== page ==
Week Seventeen: Psalms 26-50

Read the Bible in a Year

This week, read: Psalms 26-50

 

 

At Least Know This

The Book of Psalms is the beautiful poetry of the Jews. Some psalms were sung in public services. Some psalms were sung for private edification. Some follow the rules of various kinds of Hebrew poetry. All Psalms proclaim the greatness of God.

 

Author and Date

The date of the psalms probably stretches the whole length of Jewish history. Some psalms are easy to date; for example, Psalm 137 dates from the time of the Babylonian Exile (587-538 BC). Others are not easily dated. 

Many of the Psalms have a superscription (an explanatory note at the beginning of the psalm). Some of the superscriptions are “A Psalm of David.” This does not mean that David wrote the Psalm. It can also be translated “A Psalm about David,” or “A Psalm Dedicated to David.” Probably, many people wrote psalms that describe events in David’s life. 

There are also superscriptions such as “To the Choirmaster.” Sometimes there are musical terms, like “Selah”; it is unclear what these terms mean—possibly something like “Now there will be a musical interlude.” 

 

Historical Situation 

Many of the psalms are written about famous events in the history of the Jews. Some are more personal. 

Some psalms (for example, Psalm 1) reflect the Deuteronomic code: “Obey God’s law, and you’ll be rewarded; Disobey God’s law and you’ll be punished.” 

Many of the psalms are cited by Jesus (for example, Psalm 22). Many are cited in other parts of the New Testament, such as Psalm 2 is cited in Hebrews.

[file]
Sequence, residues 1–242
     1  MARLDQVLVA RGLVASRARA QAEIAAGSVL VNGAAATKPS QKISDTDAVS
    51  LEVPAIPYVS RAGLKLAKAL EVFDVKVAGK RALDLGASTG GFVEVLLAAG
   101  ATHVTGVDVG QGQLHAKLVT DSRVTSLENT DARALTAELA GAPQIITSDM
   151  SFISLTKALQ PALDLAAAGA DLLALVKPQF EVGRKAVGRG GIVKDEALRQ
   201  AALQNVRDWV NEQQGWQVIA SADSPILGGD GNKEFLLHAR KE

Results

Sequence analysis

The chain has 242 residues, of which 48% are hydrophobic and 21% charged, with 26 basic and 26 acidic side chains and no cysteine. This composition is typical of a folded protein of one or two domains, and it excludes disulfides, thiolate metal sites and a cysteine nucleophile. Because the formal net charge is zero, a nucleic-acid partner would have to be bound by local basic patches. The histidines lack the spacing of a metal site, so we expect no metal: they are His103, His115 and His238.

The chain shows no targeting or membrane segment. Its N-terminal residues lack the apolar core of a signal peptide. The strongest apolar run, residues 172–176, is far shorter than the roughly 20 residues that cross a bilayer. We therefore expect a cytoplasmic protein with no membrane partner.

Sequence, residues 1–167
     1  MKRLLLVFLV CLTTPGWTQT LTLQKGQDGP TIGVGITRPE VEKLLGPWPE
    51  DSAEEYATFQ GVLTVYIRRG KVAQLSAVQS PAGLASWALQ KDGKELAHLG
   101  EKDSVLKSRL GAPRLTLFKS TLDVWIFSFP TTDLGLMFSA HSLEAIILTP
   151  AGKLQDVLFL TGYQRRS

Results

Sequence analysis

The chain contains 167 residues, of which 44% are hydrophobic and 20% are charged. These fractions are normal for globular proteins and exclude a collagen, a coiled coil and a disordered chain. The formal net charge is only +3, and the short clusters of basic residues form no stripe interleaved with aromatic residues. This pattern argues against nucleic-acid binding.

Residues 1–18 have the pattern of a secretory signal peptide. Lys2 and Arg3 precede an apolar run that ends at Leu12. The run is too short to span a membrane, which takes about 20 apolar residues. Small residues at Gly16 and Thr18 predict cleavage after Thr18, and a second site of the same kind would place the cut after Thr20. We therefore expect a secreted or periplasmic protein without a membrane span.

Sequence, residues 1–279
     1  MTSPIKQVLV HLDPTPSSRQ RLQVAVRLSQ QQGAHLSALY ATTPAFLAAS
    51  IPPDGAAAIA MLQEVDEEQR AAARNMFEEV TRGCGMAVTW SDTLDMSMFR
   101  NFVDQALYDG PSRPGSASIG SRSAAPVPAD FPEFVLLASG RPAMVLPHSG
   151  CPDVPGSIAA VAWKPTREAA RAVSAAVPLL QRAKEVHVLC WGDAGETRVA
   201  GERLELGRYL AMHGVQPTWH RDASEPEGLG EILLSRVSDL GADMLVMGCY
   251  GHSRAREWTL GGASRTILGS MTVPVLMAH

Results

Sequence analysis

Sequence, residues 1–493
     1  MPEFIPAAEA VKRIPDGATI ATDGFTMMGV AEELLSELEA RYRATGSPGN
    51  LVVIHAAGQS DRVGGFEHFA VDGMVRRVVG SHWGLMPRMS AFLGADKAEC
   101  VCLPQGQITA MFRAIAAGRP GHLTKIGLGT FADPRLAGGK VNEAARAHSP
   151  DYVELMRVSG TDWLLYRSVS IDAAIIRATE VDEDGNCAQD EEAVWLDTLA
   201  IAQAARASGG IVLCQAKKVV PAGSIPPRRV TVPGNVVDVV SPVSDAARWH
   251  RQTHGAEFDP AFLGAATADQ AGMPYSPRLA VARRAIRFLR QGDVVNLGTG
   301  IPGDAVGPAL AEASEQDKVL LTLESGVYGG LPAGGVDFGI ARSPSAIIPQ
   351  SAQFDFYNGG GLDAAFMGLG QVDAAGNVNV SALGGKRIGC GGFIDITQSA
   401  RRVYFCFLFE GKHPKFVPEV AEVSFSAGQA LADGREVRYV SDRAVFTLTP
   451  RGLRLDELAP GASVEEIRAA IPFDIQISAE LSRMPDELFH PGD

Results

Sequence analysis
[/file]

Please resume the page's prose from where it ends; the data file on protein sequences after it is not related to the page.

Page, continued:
Important Passages

All the psalms are beautiful, and will speak to you differently depending on your life situation.

 

Some of the more famous chapters are:

·     Psalm 27 is a bold confidence in God.

·     Psalm 34 is a song of praise and deliverance.

·     Psalm 40 is a thanksgiving for God’s rescue, and a commitment to His service.

·     Psalm 42 is a prayer extolling the deep, rich relationship with God.

·     Psalm 46 is a song of reliance on God. Martin Luther borrowed heavily from this psalm as he wrote his hymns.

·     Psalm 47 is a song of praise. 

 

Watch for psalms that use the Deuteronomic code (obey God and you’ll become rich and powerful; but if you disobey God, you’ll be punished and afflicted. Watch, too, for the psalms that go against the Deuteronomic code.

 

We also run into the concept of Sheol, sometimes translated as “the pit,” as in Psalm 30:9. At this point in their history, the people didn’t have a concept of heaven or hell. They only talked of a place where people (and animals!) go when they die. It sounds like it wasn’t a sad place or a happy place… just a place. It wasn’t until Daniel 12 that we get a clearer image of an everlasting life with God (Daniel was the last book of the Old Testament to be written, probably in about 165 BC).

 

 

Faith Insights 

The Psalms reflect all kinds of situations. And the Psalms are typically songs to God. Some are thanksgiving, some are praise, some are comforting, some are pleas for help, some call curses down on enemies, some are laments (yelling at God). 

God hears all kinds of prayers, whether they are calling down curses, or yelling at God, or whether they are thanks and praise. The psalms show us that we can go to God in any mood, with any tone, for any reason. God doesn’t get mad if we yell at him, and he doesn’t get sad if we call curses on someone else. He is simply glad that we have approached the throne of grace in our time of need.

 

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If you run across a passage that you have questions about, feel free to post questions (or insights that you have received from the Bible reading), then please click here, and then click on the most recent reading guide. You can also feel free to email the question to me.

Our next face-to-face meeting is on Thursday, May 9, 2019 at 6:30-7:45.  If you plan to attend, please let me know on Wednesday by noon or before.Read the Bible in a Year